Also this week, the Nation’s Sarah Posner published a leaked draft of an executive order that would require federal agencies to look the other way when private organizations discriminate based on religious beliefs. Coincidentally, these seem to primarily be religious beliefs held by conservative Christians.
The effect of the order might be to create wholesale exemptions to anti-discrimination law for people, nonprofits and closely held for-profit corporations that claim religious objections to same-sex marriage, premarital sex, abortion and transgender identity. It would also curb women’s access to contraception through the Affordable Care Act. (A White House official did not dispute the draft’s authenticity.)
This is, of course, all in the name of preserving religious freedom. Except that it allows some people to practice religious freedom by denying jobs, services and potentially public accommodation to those with differing beliefs. . .
Consider two headlines on the front page of the online Washington Post right now:
Problem solved: Austin claims religious freedom rights to allow sanctuary for those targeted by ICE—not by interfering with ICE, just not doing the job ICE is paid to do. They have a strong claim that this is in exact accordance with the teachings of Jesus Christ, and thus definitely a religious-freedom case. Jesus in general seemed in favor of taking care of the poor and the homeless and the downtrodden, which is exactly why the Romans (that would be Trump) eliminated Him.
So Austin is free to be a sanctuary city, so long as it is viewed as a religious response, based on the teachings of Jesus Christ (i.e., the Christian religion).
Sarah Posner reports in the Nation:
leaked copy of a draft executive order titled “Establishing a Government-Wide Initiative to Respect Religious Freedom,” obtained by The Investigative Fund and The Nation, reveals sweeping plans by the Trump administration to legalize discrimination. A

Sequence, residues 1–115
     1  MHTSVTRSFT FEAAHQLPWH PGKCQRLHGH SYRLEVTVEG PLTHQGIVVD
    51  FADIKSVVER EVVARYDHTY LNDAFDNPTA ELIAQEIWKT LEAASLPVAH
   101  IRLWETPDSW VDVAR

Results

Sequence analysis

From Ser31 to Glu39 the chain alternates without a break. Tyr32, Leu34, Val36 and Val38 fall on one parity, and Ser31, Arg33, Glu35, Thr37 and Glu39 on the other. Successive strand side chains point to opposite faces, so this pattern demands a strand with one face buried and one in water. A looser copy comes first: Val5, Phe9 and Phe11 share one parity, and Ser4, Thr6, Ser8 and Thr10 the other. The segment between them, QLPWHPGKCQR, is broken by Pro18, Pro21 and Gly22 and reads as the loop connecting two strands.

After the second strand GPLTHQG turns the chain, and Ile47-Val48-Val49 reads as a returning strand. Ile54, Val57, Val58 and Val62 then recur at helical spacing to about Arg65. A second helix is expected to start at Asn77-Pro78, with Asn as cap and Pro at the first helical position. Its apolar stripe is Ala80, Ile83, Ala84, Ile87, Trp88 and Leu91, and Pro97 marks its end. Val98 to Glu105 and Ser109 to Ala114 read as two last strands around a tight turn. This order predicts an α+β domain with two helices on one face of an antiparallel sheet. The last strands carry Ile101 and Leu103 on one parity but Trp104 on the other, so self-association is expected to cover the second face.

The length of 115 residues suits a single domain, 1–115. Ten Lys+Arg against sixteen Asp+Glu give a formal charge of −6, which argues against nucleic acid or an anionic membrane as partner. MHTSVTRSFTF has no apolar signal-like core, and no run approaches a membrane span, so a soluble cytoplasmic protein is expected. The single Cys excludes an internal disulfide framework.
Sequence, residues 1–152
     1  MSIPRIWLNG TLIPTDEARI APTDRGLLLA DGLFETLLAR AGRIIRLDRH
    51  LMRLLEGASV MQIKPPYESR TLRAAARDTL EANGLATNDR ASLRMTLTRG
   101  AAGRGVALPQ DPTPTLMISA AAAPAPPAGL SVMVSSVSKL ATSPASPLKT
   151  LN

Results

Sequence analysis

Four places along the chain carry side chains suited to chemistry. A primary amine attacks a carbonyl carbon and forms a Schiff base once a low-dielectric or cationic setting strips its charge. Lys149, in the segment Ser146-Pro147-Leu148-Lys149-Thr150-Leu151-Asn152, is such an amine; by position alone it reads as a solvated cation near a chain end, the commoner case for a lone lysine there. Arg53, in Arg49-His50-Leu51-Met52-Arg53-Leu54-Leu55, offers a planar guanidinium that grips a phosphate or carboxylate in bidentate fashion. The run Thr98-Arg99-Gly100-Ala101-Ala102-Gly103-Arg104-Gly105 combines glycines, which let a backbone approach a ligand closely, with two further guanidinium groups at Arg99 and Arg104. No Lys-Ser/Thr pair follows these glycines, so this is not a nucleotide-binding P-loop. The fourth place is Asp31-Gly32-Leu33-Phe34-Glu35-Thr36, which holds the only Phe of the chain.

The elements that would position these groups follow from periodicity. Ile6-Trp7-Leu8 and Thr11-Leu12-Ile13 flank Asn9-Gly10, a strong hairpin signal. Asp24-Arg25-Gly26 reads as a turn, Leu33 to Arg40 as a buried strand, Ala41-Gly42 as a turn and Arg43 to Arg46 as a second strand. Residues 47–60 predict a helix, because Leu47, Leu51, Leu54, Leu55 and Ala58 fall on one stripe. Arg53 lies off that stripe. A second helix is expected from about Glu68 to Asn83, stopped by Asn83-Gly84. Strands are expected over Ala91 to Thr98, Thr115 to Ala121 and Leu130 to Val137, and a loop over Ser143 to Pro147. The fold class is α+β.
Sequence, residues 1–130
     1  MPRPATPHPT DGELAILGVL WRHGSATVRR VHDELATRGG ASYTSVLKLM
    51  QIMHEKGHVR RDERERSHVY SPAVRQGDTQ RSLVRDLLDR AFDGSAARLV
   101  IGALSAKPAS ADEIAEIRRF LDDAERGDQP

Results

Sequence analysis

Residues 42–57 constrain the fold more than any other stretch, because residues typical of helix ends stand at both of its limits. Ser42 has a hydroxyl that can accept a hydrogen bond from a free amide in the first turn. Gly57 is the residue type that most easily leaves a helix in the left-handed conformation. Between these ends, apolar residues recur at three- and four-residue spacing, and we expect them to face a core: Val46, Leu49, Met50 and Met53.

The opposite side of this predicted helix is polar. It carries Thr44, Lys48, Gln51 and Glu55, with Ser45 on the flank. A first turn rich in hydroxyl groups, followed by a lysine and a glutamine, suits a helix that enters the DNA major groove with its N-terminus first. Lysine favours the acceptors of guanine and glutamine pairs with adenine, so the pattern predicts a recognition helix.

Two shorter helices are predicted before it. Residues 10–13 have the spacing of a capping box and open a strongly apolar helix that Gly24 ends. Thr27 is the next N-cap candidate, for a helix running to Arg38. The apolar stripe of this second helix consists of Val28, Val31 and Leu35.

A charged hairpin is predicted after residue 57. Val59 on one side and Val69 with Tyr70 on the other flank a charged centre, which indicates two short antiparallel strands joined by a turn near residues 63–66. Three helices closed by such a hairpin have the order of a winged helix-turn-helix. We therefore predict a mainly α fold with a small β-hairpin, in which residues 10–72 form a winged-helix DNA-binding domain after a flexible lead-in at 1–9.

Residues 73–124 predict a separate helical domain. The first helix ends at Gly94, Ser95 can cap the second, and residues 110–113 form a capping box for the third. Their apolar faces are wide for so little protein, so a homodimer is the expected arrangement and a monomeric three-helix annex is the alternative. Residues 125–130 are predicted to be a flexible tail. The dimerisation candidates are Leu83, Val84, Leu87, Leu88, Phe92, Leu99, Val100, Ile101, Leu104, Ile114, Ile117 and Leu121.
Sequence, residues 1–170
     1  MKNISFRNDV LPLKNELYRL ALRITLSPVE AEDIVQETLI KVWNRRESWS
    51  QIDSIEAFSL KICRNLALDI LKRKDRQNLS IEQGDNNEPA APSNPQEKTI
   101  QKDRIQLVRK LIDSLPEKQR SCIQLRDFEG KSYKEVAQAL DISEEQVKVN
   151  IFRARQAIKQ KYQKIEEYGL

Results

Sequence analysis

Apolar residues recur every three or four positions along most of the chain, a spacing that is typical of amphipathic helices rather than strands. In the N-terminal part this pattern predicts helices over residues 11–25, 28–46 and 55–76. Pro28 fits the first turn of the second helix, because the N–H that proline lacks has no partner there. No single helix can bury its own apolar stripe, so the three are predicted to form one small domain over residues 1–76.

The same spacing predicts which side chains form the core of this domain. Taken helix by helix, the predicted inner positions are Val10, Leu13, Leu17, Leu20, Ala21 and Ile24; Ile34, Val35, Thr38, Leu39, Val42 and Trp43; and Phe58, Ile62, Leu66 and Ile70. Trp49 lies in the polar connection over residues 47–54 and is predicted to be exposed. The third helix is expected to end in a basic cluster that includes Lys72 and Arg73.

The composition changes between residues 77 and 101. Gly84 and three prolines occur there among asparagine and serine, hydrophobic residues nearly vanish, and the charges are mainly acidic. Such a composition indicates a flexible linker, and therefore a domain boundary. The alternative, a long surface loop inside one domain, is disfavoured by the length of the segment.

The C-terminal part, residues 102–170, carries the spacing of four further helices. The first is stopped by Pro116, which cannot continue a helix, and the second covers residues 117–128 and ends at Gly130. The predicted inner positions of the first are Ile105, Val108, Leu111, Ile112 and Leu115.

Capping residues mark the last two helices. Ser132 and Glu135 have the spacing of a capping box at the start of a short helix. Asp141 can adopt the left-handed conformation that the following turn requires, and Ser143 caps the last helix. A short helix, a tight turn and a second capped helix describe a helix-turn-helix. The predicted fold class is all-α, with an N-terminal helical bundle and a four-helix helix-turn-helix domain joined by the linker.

The four-page draft order, a copy of which is currently circulating among federal staff and advocacy organizations, construes religious organizations so broadly that it covers “any organization, including closely held for-profit corporations,” and protects “religious freedom” in every walk of life: “when providing social services, education, or healthcare; earning a living, seeking a job, or employing others; receiving government grants or contracts; or otherwise participating in the marketplace, the public square, or interfacing with Federal, State or local governments.”
The draft order seeks to create wholesale exemptions for people and organizations who claim religious or moral objections to same-sex marriage, premarital sex, abortion, and trans identity, and it seeks to curtail women’s access to contraception and abortion through the Affordable Care Act. The White House did not respond to requests for comment, but when asked Monday about whether a religious freedom executive order was in the works, White House spokesman Sean Spicer told reporters, “I’m not getting ahead of the executive orders that we may or may not issue. There is a lot of executive orders, a lot of things that the president has talked about and will continue to fulfill, but we have nothing on that front now.”